1. The law requires that public charter schools admit students using a random selection process when more students apply than there are spaces available. Recently, the Board was approached by one of the newly chartered schools because twins had applied and since the school had more applicants than spaces, a lottery was being held. The question was, “what can we do, if as a result of the lottery, one twin is admitted and the other isn’t” What about siblings? The way the law is written, it makes it too difficult for parents who have to worry about getting their children to and from school. As the law is written, parents could face the difficulty of transporting their children to different schools or the unpleasant option of not enrolling in the public charter school the child whose name was drawn in the lottery.
    The law should be changed to make it more family friendly. The random selection provision for new public charter schools should give preference to siblings just as that preference is given for existing public or private schools that convert to public charter school status.
  2. The authorization of the DC School Reform Act should be extended beyond the current April 2001 expiration date. Under the law now, charter schools are granted fifteen-year charters with a provision that the Authority granting the charter review the charter at least once every five years to determine if the charter should be revoked. Stability and consistency in governance and oversight are critical to the success of any new venture, especially one that makes the kind of break from tradition that public charter schools do. It is imperative that the structure and direction provided by the DC School Reform Act remain in place for enough time (10 years) to permit real change to occur and take hold.


It’s difficult for members of the District of Columbia Public Charter School Board to believe that the Board has existed for fewer than sixteen months. We’ve worked hard and we've accomplished much in that period of time.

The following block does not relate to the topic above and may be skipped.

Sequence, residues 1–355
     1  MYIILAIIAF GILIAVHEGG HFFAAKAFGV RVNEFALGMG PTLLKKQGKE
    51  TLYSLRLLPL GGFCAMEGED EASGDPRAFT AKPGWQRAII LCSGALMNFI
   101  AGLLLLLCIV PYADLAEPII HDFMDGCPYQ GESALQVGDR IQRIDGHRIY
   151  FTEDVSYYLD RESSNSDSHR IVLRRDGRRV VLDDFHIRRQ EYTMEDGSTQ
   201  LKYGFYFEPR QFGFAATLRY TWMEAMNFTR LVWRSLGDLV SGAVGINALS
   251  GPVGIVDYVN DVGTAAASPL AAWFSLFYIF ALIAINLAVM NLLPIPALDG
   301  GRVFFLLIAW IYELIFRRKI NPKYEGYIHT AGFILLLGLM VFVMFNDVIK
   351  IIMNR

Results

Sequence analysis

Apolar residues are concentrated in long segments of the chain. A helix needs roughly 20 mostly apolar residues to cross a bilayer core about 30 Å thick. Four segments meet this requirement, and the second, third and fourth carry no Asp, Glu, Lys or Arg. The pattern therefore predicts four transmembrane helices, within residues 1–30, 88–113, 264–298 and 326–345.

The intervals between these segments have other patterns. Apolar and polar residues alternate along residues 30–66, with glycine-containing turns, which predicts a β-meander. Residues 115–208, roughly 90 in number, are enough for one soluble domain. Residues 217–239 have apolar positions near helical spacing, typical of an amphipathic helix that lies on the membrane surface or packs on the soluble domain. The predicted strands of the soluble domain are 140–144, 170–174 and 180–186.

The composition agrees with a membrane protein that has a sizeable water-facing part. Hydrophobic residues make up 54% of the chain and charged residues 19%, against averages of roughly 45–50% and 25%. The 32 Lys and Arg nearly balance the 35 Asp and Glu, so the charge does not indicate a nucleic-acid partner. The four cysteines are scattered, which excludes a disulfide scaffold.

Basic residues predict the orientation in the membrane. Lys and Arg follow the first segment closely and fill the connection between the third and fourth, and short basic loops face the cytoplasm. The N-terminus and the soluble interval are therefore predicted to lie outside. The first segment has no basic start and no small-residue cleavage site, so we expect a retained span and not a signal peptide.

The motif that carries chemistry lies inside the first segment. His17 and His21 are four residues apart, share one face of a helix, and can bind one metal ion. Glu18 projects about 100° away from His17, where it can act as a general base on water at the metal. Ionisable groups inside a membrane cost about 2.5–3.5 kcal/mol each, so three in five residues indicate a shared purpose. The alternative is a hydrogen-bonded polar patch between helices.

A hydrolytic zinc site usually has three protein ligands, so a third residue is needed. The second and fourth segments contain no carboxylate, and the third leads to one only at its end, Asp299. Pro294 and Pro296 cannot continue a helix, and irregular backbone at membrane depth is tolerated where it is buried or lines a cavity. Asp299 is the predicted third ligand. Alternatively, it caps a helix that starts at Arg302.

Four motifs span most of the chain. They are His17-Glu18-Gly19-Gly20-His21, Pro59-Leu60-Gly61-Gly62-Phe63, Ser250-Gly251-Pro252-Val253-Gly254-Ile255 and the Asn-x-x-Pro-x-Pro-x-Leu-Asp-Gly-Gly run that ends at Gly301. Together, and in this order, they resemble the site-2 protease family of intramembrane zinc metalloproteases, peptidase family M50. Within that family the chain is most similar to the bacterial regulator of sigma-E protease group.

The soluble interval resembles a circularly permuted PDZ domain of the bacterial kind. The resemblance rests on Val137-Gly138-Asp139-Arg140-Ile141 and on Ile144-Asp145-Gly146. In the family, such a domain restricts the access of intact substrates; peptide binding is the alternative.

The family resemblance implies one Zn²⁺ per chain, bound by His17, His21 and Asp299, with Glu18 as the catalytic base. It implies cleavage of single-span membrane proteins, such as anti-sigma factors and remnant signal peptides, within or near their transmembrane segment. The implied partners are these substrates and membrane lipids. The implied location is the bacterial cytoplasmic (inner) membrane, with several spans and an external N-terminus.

As a Board, we have been consistent in our determination to ensure that attention to accountability is evident in the operations of the schools we charter and in our own work. The District of Columbia Public Charter School Board operates under two imperatives that influence every aspect of its work. First, the Board seeks to help improve public education for children, youth, and adults in the District of Columbia by chartering public schools that succeed. Second, the Board works tirelessly to help the schools it charters meet the highest standards of accountability.

Accordingly, we have focused our resources over the past fifteen months on building and strengthening what we believe to be the four pillars of charter school quality and accountability.

First, the board created and managed a carefully designed and rigorous application review and decision process to be sure that the applicants approved for a charter offer an exceptionally strong educational program and have a high probability of success. This review process uses technical reviewers with expertise and experience in important areas such as curriculum, business and financial management, school governance and operations, and parent and community involvement. These reviewers read and rate applications and conduct face-to-face interviews of each applicant. Their reports are a valuable component of the Board's decision-making process. The ten new public charter schools approved this year from a field of 26 applicants are all extremely promising and offer new opportunities for students in the nation’s capital.

Second, the board is developing comprehensive and legally sound charter agreements that are individually tailored to each school's structure, mission, goals, and educational program.